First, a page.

Once items are purchased, Amazon will deliver the food directly to Hope Distribution Center.

“It allows for a broader range of people to be aware of the need,” said Pickhinke. “If people feel compelled to do something, regardless of where they live, they can contribute.”

Of course if you’re not a couch shopper, you can still drop off groceries directly at a food pantry or at a parish food drive. And monetary donations are always needed.

Catholic Charities of Northeast Kansas is always in need of volunteers and donations. See below for how you can help. LEAVEN PHOTO BY JILL RAGAR ESFELD

People supporting the food pantries, whether in person or online, are greatly appreciated.

“We have parishes that host regular food drives,” said Pickhinke. “And I don’t want it to be lost on them that we’re grateful for their continued support.    

“And we understand that times are tight.”

Currently, pantries are most in need of proteins, pastas and canned fruits.

They’re also in need of volunteers.

Both Pickhinke and Gonzales ask readers to prayerfully consider donating time to a food pantry or the distribution center.

“Ever since COVID hit, we’ve seen a decrease in volunteers,” said Gonzales. “So any hours they want to give, we’re here with open arms.”

Karen Chambers, a member of Holy Trinity Parish in Lenexa, says volunteering at the Catholic Charities Food Pantry in Overland Park is both “rewarding and fun.” LEAVEN PHOTO BY JILL RAGAR ESFELD

Holy Trinity, Lenexa, parishioner Karen Chambers, who volunteers at the food pantry in Overland Park, highly recommends the experience.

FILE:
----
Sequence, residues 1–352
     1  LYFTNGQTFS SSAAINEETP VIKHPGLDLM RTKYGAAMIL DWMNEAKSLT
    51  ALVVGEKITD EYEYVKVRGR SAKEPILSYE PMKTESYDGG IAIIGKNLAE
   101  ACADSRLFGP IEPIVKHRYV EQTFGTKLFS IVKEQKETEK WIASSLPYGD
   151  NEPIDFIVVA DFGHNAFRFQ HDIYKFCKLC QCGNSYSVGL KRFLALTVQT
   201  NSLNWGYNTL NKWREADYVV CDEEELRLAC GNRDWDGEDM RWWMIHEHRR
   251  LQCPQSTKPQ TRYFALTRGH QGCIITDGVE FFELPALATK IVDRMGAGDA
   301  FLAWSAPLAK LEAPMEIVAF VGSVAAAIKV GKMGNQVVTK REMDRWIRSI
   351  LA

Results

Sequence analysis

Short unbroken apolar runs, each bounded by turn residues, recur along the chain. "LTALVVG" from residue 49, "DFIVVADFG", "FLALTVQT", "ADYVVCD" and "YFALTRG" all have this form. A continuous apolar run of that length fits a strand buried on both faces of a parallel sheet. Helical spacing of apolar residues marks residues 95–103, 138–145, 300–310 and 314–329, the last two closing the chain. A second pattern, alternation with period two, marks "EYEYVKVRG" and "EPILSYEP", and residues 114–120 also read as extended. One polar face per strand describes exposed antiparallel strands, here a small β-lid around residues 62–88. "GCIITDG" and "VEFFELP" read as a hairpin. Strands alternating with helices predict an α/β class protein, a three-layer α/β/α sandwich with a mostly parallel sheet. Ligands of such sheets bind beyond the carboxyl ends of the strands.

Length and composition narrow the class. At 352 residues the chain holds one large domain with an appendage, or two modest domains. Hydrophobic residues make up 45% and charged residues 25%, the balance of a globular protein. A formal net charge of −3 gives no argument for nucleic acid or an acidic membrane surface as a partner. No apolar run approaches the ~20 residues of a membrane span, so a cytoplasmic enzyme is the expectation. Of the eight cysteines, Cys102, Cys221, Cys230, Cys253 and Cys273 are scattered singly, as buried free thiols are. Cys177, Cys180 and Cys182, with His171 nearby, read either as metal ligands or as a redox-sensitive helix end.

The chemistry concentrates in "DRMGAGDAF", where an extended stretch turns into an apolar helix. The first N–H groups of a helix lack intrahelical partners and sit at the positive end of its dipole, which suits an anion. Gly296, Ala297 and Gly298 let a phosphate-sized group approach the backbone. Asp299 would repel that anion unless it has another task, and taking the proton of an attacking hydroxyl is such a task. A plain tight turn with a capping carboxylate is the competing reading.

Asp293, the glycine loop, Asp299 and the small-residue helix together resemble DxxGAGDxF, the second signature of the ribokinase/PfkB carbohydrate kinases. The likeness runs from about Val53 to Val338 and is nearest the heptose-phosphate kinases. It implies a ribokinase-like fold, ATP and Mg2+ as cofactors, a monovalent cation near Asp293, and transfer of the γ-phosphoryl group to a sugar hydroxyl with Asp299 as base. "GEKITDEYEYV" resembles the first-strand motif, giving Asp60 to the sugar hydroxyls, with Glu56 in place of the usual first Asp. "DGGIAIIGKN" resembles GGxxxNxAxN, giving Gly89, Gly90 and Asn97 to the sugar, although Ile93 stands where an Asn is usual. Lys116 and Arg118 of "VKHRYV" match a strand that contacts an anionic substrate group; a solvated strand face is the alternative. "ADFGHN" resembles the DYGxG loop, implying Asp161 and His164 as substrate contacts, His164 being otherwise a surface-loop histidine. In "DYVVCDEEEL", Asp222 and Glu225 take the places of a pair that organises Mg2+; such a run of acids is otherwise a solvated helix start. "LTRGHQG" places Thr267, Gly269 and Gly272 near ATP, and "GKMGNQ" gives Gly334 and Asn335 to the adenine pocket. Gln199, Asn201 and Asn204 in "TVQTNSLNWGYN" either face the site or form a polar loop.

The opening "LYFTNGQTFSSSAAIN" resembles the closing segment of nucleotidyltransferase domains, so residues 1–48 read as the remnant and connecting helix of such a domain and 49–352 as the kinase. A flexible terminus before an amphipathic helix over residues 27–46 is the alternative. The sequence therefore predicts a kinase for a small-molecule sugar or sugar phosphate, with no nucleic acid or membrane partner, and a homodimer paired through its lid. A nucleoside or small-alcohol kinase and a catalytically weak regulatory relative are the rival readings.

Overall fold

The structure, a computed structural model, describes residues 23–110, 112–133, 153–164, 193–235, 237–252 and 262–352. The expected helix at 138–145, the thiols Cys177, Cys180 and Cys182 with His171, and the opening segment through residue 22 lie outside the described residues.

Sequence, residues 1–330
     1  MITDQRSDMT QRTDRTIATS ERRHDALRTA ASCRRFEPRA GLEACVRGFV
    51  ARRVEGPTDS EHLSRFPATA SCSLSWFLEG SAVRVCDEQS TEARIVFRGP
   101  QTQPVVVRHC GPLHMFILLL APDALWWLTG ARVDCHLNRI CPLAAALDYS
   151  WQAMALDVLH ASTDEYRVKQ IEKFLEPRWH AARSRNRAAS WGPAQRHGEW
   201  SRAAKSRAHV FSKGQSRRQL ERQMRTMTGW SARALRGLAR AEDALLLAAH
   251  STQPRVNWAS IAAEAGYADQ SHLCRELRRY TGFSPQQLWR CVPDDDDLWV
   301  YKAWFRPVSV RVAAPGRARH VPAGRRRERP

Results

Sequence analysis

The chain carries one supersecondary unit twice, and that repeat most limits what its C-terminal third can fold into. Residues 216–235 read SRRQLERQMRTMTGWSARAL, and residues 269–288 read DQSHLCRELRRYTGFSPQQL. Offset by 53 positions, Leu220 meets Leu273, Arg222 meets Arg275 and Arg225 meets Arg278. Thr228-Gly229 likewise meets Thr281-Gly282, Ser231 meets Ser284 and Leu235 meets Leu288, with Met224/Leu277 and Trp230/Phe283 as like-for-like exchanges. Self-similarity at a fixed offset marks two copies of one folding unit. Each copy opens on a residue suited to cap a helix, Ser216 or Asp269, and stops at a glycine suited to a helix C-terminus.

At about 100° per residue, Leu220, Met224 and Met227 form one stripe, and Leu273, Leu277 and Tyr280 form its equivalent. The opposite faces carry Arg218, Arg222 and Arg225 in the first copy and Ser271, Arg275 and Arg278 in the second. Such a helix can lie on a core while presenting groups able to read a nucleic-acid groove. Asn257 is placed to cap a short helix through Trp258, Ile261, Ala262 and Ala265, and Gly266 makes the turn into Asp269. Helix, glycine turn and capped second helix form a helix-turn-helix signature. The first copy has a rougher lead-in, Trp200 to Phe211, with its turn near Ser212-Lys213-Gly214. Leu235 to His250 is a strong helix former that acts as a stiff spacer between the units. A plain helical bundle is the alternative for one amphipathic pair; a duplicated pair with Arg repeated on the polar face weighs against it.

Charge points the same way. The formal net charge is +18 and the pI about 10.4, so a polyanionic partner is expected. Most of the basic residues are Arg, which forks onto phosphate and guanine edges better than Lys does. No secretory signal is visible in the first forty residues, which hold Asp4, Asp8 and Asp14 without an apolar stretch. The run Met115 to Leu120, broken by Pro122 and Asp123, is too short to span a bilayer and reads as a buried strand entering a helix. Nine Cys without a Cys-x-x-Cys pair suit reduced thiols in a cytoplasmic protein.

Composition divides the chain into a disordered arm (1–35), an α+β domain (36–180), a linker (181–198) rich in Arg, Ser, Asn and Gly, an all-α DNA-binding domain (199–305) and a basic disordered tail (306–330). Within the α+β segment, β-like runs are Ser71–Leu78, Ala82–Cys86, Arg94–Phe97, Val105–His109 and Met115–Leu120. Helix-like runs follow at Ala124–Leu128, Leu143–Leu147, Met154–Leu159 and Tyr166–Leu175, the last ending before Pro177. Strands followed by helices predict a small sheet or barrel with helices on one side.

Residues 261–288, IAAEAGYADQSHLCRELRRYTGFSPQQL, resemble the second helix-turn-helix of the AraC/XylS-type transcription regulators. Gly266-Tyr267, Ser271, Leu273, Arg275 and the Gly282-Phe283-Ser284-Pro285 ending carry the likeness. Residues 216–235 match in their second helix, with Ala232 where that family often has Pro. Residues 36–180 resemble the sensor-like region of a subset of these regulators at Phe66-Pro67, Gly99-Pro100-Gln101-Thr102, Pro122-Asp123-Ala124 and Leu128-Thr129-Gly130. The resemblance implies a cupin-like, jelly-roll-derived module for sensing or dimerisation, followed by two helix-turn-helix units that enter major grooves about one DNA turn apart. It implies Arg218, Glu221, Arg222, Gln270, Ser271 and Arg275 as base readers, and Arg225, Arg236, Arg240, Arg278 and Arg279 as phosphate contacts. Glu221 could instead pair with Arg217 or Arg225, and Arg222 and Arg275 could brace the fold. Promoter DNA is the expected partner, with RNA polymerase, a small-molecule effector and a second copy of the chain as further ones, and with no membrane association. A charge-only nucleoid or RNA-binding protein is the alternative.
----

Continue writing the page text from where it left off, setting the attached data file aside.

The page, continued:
“It’s the most rewarding, pleasing thing that I have ever done in my entire life,” she said. “To give to these beautiful people just warms my heart.

“They are grateful, they are thankful. They feel so blessed.”

More than that, Chambers says volunteering at a food pantry is fun.

“We have such a blast,” she said. “We work together; we go out to lunch together.

“Everybody is so kind and loving and giving here.”

How to give online

• To find out how you can get involved with Catholic Charities food drive ministry, click here.

• To shop from Catholic Charities’ Amazon wishlist, click here.

The Amazon website lists foods by greatest needs. Fill your shopping cart, check out and choose the Hope Distribution Center for delivery.

About the author

Jill Esfeld

Jill Ragar Esfeld received a degree in Writing from Missouri State University and started her profession as a magazine feature writer, but quickly transitioned to technical/instructional writing where she had a successful career spanning more than 20 years. She returned to feature writing when she began freelancing for The Leaven in 2004. Her articles have won several awards from the Catholic Press Association. Jill grew up in Christ the King parish in Kansas City, Missouri; and has been a member of Holy Trinity Parish in Lenexa, Kansas, for 35 years.